Getting intimate with Eden Collins


Jessica Just

Katrina Clements

In her studio at the Sculpture and Ceramics Graduate Studio building, Eden Collins sits at her desk which is covered in molds of butt plugs and vibrators for a series in progress. Her studio, filled with works from her recent exhibit, current projects and yards of colorful furry fabrics, reflect how fun and imaginative her work is. Collins is a graduate student at UTSA who teaches 3D Foundations, Sculpture for Non-Majors and Introduction to Art. After recently closing her MFA thesis exhibit “Sometimes I Play With Myself,” Collins is creating new works as she approaches graduation.

As a child, Collins knew she was meant to create. In kindergarten, people always ask what you want to be when you grow up; “I remember going between a ballerina and an artist, but one day someone asked me, and I just said ‘I’m going to be an artist,” Collins remembers. After attending veterinary school for two years, Collins switched to majoring in art for her undergrad. “In all of my math and science classes, I never felt like I could think for myself. Here’s the problem and here’s the solution. But with art it was like, here are all of these problems, now find every way possible to solve it,” Collins said. Entering her major as a sophomore, Collins felt behind compared to her peers who had been studying art throughout their adolescence. However, Collins kept pushing as she was determined to pursue her passion.

Katrina Clements/The Paisano

To further her education and her art experience, Collins, originally from West Branch MI, moved to San Antonio for a change of pace. “The whole reason I came here is because I wanted to experience a different culture. There’s a stigma about Texas up north, but then I came down here and people were so kind and accepting. People were hugging me and interested in what I was doing,” Collins explained. Having almost completed her time at UTSA, Collins reflects on her experience as a graduate student as “so many feelings all at once. I went from moments of ‘this is incredible, I love it, I’m so happy,’ to ‘I’m a failure, I’m an imposter, I don’t belong here,’” she said. Imposter syndrome is something many creative students experience, but Collins recognized that she was here for a reason; she was accepted at UTSA for a reason.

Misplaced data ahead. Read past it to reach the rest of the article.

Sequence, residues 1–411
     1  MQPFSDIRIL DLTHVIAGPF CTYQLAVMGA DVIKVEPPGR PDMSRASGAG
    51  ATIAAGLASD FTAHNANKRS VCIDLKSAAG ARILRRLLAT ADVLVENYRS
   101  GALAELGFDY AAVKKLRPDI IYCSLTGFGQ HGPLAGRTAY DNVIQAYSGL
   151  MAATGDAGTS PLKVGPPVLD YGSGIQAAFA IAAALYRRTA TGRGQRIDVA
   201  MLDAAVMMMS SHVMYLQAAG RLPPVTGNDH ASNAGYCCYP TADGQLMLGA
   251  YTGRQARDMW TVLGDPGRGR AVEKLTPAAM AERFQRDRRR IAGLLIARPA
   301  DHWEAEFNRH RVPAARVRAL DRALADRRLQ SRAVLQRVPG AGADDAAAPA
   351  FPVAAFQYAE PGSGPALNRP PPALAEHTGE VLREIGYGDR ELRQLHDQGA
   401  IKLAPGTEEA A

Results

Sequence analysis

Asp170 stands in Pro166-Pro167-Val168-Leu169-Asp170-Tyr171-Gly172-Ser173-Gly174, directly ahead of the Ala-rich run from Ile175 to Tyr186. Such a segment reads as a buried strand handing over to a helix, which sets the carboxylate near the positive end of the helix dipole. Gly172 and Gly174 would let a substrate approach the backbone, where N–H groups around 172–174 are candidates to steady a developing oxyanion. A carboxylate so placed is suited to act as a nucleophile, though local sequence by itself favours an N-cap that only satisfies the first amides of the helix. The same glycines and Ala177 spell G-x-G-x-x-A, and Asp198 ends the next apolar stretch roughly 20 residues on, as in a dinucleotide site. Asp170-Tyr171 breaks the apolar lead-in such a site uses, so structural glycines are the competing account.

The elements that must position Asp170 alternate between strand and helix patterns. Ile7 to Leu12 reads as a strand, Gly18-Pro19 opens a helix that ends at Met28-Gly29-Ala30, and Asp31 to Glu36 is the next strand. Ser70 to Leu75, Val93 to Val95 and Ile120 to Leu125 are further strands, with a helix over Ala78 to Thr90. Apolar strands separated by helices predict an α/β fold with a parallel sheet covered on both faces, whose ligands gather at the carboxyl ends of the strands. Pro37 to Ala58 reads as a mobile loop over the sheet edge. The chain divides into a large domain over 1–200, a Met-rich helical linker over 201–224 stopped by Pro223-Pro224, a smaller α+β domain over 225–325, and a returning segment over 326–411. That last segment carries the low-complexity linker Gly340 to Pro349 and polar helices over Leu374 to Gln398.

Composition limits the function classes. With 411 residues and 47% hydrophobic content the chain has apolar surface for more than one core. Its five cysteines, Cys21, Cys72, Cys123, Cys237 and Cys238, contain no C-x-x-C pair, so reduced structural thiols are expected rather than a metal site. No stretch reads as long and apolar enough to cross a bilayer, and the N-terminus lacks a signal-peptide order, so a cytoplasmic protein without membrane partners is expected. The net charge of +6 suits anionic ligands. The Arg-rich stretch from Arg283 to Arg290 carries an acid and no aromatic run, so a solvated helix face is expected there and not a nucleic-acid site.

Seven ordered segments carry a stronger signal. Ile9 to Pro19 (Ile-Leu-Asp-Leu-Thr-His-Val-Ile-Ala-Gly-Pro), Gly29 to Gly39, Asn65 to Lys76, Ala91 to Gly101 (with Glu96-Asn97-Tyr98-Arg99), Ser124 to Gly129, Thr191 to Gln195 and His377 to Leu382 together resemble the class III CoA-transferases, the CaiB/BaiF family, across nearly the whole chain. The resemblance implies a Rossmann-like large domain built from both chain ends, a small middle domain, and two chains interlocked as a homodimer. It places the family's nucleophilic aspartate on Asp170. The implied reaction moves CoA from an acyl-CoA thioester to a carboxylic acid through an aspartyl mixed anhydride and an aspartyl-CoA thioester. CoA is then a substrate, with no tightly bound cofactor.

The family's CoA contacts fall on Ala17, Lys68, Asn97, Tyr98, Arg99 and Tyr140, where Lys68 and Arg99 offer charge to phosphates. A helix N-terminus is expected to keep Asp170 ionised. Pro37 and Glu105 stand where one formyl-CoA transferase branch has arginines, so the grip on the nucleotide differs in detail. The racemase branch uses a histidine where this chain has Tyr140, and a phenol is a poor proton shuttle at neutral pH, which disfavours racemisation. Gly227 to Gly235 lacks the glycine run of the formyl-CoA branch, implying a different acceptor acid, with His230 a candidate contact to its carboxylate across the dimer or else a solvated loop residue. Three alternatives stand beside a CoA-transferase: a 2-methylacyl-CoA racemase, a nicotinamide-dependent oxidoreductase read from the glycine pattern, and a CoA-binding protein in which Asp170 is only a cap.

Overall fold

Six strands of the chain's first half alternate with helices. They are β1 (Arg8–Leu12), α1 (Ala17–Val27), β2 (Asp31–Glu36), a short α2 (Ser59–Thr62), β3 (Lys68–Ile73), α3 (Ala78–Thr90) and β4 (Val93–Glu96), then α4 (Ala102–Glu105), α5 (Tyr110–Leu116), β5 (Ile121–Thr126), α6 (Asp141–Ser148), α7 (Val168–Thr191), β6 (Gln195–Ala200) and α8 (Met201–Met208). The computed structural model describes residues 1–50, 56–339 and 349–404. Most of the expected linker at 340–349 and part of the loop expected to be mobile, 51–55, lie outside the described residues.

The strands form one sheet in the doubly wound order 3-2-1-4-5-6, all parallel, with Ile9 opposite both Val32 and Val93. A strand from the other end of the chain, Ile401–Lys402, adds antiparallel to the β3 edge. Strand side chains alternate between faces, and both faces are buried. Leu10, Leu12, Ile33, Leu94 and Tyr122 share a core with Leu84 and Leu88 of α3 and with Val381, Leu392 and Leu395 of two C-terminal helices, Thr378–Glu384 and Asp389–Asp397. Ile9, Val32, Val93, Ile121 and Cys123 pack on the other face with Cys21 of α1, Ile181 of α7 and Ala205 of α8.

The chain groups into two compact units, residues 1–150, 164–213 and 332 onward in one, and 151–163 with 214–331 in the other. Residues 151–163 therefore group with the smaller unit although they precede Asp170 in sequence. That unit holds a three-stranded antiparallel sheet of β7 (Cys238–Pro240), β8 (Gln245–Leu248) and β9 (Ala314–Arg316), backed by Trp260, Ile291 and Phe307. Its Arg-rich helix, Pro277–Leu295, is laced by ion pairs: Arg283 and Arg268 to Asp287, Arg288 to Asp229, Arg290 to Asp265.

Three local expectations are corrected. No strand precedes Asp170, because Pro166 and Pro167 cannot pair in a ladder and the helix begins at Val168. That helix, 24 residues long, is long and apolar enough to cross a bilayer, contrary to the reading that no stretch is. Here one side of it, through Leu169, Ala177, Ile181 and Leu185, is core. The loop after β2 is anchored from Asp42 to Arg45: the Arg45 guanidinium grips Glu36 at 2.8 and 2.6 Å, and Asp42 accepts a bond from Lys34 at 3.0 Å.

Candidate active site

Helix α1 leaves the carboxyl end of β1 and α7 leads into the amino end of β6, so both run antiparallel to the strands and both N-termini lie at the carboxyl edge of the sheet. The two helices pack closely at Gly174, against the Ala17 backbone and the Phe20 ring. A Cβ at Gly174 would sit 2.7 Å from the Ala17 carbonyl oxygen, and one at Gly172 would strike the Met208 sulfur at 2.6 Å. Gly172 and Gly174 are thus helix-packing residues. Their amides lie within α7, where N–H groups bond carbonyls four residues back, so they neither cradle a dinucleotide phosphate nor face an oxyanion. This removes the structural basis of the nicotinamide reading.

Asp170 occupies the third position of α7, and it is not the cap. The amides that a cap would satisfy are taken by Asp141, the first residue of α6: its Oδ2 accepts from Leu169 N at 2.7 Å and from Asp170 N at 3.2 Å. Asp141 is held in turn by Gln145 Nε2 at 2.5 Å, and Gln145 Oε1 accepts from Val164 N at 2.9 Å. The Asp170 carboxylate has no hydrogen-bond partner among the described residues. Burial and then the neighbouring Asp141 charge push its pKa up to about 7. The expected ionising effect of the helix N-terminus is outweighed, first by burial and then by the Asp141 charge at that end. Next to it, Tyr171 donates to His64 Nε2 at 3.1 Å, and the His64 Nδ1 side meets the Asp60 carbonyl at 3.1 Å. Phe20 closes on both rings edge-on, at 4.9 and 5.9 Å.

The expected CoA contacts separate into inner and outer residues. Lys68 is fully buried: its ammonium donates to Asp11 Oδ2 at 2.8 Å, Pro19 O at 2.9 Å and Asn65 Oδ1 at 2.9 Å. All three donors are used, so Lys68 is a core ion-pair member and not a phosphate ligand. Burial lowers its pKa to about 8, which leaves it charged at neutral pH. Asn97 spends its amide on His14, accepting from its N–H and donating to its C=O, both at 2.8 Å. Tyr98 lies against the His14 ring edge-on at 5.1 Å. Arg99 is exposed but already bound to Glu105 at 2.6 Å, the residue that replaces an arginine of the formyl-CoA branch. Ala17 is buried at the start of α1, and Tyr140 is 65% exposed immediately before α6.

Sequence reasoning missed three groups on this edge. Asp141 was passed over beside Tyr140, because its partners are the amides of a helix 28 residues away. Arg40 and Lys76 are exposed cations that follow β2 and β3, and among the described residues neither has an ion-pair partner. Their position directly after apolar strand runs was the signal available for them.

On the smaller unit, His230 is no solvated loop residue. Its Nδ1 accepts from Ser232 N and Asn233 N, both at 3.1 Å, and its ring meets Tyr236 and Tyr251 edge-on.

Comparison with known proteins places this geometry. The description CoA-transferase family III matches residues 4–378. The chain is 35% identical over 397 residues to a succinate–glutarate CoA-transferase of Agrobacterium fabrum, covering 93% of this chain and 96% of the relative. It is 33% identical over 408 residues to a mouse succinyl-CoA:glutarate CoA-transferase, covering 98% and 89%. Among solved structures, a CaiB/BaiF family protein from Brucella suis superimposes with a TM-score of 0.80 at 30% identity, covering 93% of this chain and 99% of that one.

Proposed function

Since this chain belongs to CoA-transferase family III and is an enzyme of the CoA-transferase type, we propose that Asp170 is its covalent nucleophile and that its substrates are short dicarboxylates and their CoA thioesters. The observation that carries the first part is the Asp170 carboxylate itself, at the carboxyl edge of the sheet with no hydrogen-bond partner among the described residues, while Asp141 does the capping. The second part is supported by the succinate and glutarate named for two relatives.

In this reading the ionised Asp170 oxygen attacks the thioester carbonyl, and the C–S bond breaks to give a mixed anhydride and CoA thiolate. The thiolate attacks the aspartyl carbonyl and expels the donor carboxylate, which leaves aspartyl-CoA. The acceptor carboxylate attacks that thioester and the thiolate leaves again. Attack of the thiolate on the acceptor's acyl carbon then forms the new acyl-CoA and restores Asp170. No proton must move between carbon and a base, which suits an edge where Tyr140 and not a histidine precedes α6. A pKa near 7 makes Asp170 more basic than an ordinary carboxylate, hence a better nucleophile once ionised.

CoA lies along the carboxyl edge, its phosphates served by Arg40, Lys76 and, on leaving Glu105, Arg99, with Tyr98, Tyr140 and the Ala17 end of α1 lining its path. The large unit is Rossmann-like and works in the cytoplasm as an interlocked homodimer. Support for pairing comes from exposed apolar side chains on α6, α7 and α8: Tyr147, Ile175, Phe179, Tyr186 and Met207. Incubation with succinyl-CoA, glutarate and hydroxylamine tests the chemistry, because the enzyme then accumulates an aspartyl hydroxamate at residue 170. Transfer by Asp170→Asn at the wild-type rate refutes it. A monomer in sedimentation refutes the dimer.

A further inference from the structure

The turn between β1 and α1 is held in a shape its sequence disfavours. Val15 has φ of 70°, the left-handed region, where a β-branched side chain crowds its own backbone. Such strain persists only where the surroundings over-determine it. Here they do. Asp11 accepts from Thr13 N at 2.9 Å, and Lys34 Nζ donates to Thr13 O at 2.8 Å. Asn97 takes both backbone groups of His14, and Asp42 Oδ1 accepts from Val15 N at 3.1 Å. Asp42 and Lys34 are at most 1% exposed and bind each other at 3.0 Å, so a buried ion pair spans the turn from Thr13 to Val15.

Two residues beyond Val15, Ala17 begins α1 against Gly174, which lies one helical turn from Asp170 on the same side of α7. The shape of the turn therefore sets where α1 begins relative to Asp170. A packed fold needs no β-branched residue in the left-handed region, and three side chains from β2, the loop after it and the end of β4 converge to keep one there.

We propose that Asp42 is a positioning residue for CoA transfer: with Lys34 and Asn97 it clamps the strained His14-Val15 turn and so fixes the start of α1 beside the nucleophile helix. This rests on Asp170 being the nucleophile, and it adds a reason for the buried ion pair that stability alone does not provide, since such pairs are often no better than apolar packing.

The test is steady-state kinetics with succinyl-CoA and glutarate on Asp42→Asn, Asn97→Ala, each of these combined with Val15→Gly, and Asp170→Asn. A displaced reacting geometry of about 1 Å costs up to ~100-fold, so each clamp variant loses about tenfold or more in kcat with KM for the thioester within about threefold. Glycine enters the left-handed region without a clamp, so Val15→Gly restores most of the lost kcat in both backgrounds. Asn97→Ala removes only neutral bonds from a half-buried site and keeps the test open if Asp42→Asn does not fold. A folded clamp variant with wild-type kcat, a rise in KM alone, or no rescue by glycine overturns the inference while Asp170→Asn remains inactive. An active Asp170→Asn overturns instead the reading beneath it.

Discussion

As an artist, student and educator, Collins sympathizes with those working through some of the most stressful times of their college careers. She advises UTSA art students to “Listen to the feedback. Listen to it and start to develop your own sieve. Figure out what feedback is productive for you and what feedback is useful only so far as to what information it gives you.” She stressed the importance of being open to feedback that you might not agree with, as it is sometimes the most helpful. “The feedback that sometimes stings, or leaves you licking your wounds later, often makes you grow more than the feedback that makes you feel warm and fuzzy,” she said.

Producing work continuously for classes or for pleasure can be challenging when thinking of new concepts or ideas for these works. As Collins described, art is problem solving, whether it might be a problem that you create or is already present. When in a lull, Collins said she creates a problem for herself, “If I know I want to use this material, I ask myself what is it about this material that is interesting to me and how can I go from there?”

In her MFA thesis “Sometimes I Play With Myself,” Collins featured a set of characters that embody pieces of herself. These characters are not featured in all of her works, but they play a significant role. “If my art was a tree, the characters are one of the larger branches at the bottom, but they are not one of the only branches,” she said. Her works all stem from the same root system, and these characters will continue to grow and develop, eventually making their exit or joining forces with other characters. Currently, Collins is in the process of creating a new character or collection, which will be centered around textures and touch. “They are super touch oriented, and they just want to touch everything. I feel like they embody that part of everyone that wants to touch; as humans, we understand through touch,” she said.

Jessica Just
Katrina Clements/The Paisano

In her work, Collins connects things materially, so the pieces communicate visually with each other and then people start to connect them contextually. When choosing materials for these works, Collins goes visual shopping. “I often will go shopping in stores that I have no intention of buying things from and take visual pictures and stick them somewhere in my subconscious for it to surface later,” she explained. Collins loves walking down the rope and cabinet isles of hardware stores and noticing what things exist that she could potentially use for building her works. “Each idea surfaces when it’s ready,” she said while pulling a roll of glittery purple table vinyl material. “Like this was supposed to be in my thesis, but I wasn’t happy with it. But it’s so delightfully tacky that it will surely make an appearance at some point,” she said. She keeps these unused materials or objects that she finds hung around her studio, so when the time is right, they can strike inspiration.

As Collins makes plans for her future as an artist, she will continue to teach at UTSA next semester. She has loved her experience so far at UTSA and is excited to continue as an educator.  For her performances and future exhibits, information can be found on her Instagram: @edencollins_art.